Experts say competition’s prizes are irresponsible

McDonald’s today faced renewed calls to ditch its Monopoly prizes as campaigners accused it of unnecessarily fuelling Britain’s obesity epidemic.

Experts slammed the annual marketing campaign, which was first launched in 1987, as being ‘completely irresponsible’, saying it will inevitably cause people to eat more junk sold by the fast food giant.

Only healthy menu options — such as fruit, salad and bottles of water — should fall under the scheme, one claimed.

Prizes on offer in this year’s edition of the chain’s competition include £100,000, a Mini and a £2,000 holiday. In order to claim the tempting rewards, customers have to collect property pieces, in the famous gameboard style.

They are dished out on the packaging of much-loved McDonald’s products, such as its fries, Chicken Selects, Big Tasty and Chicken Legend.

Some stickers, which have to be peeled off, give instant food wins.

But with nearly two-thirds of adults and a third of children overweight, Professor Graham MacGregor, chair of Action on Salt, told MailOnline: ‘This is completely irresponsible marketing, especially if customers are being encouraged to consume even more heavy processed food full of saturated fat and salt — not to mention excessive sugary drinks.

The fast food chain has confirmed the popular Monopoly game, which offers customers a chance to win cash prizes, will return to the UK on September 7

The fast food chain has confirmed the popular Monopoly game, which offers customers a chance to win cash prizes, will return to the UK on September 7

If you choose fries as a side to your meal, you will get an extra two stickers, while other options will earn you three stickers

Each Monopoly piece represents roads and train stations, just like the classic board game and once you collect a set, you win a prize


Meals should be based on potatoes, bread, rice, pasta or other starchy carbohydrates, ideally wholegrain, according to the NHS

• Eat at least 5 portions of a variety of fruit and vegetables every day. All fresh, frozen, dried and canned fruit and vegetables count

• Base meals on potatoes, bread, rice, pasta or other starchy carbohydrates, ideally wholegrain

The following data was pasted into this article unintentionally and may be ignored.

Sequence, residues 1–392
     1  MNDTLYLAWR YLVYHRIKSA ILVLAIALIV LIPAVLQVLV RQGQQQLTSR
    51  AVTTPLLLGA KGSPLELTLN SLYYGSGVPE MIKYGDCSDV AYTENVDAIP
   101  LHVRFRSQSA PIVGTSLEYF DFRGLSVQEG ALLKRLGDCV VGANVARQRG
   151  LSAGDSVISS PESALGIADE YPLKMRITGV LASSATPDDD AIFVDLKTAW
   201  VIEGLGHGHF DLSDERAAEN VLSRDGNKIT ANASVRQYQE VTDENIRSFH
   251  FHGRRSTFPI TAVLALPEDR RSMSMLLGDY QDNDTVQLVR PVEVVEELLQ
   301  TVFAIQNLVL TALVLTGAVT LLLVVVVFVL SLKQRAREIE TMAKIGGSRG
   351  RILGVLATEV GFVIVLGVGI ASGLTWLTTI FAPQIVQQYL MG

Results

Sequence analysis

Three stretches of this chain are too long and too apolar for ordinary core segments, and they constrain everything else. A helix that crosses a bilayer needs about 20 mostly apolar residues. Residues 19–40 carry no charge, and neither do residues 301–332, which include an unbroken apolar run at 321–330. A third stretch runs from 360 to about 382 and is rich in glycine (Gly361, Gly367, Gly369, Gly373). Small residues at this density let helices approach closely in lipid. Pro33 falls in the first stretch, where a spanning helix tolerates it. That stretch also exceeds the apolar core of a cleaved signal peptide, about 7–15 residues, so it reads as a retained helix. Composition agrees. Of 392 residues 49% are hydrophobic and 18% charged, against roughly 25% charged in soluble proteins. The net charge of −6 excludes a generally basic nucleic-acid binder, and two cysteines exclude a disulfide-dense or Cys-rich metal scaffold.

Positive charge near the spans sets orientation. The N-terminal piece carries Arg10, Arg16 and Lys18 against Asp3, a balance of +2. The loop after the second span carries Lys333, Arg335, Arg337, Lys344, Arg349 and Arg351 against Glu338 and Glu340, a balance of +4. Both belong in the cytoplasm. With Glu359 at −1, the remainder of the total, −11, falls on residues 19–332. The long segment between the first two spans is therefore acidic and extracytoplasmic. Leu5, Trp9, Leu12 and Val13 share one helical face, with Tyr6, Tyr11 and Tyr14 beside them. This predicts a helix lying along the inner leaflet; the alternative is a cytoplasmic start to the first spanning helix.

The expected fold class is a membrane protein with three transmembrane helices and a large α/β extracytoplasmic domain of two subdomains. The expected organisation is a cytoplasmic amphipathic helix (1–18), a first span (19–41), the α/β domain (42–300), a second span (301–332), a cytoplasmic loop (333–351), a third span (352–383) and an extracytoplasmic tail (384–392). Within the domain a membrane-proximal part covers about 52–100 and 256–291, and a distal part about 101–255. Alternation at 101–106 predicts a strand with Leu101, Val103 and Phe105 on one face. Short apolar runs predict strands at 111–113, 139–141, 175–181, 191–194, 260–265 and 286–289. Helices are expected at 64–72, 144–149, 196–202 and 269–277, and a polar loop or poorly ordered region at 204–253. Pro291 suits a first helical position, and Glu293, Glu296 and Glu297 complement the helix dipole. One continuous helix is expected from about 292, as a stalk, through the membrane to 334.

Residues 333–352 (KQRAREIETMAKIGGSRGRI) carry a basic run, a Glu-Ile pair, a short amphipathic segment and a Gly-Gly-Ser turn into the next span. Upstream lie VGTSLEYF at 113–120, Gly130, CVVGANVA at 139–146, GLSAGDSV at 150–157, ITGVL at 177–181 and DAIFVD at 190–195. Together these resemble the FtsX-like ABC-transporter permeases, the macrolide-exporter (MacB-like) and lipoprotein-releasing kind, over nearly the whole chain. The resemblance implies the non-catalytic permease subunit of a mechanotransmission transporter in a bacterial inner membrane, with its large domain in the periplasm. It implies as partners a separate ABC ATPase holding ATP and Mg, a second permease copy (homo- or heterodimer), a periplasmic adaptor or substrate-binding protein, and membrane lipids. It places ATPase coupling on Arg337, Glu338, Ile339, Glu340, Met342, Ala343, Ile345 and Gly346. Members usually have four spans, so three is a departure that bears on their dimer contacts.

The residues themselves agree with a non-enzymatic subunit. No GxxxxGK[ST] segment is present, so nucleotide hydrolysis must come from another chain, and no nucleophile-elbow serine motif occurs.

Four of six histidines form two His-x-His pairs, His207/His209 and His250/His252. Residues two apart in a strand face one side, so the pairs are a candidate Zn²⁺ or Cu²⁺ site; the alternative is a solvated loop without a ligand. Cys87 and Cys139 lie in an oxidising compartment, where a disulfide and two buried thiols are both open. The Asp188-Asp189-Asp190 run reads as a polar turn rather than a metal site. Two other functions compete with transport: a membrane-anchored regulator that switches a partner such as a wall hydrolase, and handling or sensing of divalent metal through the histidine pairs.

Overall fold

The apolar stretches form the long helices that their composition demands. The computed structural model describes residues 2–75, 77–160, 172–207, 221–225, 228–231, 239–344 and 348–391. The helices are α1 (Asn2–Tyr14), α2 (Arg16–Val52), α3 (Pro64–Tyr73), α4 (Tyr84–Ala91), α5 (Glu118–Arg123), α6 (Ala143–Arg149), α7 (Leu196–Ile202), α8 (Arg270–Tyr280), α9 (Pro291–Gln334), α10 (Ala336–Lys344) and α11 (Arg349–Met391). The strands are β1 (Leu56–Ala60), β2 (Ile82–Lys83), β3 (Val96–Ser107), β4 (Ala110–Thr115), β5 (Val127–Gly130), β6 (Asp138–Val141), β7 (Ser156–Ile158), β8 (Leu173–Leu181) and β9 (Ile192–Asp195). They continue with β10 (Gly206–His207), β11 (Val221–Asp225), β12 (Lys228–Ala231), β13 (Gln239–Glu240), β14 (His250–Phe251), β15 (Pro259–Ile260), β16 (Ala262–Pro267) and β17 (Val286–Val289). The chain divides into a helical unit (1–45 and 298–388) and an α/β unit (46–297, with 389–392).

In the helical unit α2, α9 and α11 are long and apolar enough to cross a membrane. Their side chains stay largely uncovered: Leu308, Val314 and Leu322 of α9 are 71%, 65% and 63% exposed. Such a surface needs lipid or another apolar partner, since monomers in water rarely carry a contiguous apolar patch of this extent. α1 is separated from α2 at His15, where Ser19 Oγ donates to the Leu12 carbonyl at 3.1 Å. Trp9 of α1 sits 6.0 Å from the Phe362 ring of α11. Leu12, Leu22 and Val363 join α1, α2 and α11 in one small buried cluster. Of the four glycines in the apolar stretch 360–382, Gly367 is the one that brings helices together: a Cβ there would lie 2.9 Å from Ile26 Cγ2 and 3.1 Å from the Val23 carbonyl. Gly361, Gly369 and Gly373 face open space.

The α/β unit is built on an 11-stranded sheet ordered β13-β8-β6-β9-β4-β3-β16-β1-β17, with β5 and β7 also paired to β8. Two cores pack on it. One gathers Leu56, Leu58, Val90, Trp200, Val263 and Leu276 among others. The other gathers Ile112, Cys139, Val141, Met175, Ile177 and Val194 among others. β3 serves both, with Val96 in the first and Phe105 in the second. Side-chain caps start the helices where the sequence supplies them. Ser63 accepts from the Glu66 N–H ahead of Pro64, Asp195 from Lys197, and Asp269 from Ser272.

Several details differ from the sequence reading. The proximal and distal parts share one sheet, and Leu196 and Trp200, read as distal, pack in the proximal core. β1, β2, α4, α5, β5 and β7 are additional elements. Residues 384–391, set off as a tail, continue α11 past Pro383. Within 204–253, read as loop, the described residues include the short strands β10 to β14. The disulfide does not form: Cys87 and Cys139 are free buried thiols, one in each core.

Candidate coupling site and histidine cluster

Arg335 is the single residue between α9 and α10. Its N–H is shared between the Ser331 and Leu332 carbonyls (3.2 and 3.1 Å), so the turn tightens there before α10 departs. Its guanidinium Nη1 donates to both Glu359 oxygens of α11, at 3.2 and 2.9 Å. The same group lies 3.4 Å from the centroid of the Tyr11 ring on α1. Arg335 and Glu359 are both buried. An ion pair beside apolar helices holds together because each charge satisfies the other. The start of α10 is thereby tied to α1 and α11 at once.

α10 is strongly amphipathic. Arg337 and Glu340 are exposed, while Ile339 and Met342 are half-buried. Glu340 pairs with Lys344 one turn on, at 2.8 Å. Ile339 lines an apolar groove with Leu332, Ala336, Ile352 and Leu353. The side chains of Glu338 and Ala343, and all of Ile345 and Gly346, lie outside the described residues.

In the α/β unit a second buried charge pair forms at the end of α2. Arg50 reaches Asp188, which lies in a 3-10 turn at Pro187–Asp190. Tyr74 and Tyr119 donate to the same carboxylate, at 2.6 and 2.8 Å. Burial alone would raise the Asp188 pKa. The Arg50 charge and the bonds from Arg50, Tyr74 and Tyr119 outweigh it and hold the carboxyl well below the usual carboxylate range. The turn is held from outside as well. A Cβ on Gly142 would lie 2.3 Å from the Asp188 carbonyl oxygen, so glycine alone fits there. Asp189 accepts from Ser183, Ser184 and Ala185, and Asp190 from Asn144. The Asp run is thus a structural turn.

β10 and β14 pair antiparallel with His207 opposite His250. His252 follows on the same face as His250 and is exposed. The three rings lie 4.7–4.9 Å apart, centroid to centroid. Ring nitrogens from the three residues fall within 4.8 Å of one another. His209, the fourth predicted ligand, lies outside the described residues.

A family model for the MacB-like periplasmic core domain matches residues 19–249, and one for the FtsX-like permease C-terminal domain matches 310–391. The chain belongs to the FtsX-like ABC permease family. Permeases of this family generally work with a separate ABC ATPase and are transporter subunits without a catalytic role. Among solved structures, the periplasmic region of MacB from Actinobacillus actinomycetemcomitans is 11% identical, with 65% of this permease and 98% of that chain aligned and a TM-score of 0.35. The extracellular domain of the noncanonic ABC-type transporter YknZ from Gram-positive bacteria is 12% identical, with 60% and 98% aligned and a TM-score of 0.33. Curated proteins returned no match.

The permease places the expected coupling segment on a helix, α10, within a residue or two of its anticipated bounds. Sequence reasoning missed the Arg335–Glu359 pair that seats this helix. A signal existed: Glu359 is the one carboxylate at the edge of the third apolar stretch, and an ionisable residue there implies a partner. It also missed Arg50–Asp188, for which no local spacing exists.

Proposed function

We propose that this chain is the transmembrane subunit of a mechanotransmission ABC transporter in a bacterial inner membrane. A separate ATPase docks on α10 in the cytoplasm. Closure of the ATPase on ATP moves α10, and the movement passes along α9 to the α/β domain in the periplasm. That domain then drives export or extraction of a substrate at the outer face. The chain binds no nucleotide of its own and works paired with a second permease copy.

• 30 grams of fibre a day: This is the same as eating all of the following: 5 portions of fruit and vegetables, 2 whole-wheat cereal biscuits, 2 thick slices of wholemeal bread and large baked potato with the skin on

• Have some dairy or dairy alternatives (such as soya drinks) choosing lower fat and lower sugar options

• Eat some beans, pulses, fish, eggs, meat and other proteins (including 2 portions of fish every week, one of which should be oily)

• Choose unsaturated oils and spreads and consuming in small amounts

• Drink 6-8 cups/glasses of water a day

• Adults should have less than 6g of salt and 20g of saturated fat for women or 30g for men a day

Each Monopoly piece represents roads and train stations, just like the classic board game and once you collect a set, you win a prize

‘It is vital that only non-HFSS high in fat, salt and sugar foods and drinks should be marketed in this way, such as offering free side salads and bottles of water.

‘These HFSS foods and drinks can be marketed without strong restrictions to vulnerable children who have no concept about how unhealthy these products really are.’

Under McDonald’s Monopoly, the more food you buy, the more chances you have to win.

Some food items carry more chances of success than others.

For examples, two stickers are given with fries but options such as a side salad, veggie bag or fruit bag earn three.

Other calorific options also give buyers three stickers, such as the Big Tasty, Chicken Selects, and frozen strawberry lemonade.

There are five £100,000 prizes, 21 Mini Electric Cars and 80 £2,000 TUI holidays up for grabs under the game, which runs until October 18.

More than 100 Britons are in with the chance of a £1,000 voucher for at-home tech, while there are 510 vouchers for concert tickets and thousands of McDonald’s Gold Cards, which grants winners one free meal per week for a year.

But fast food fans are most likely to win free food.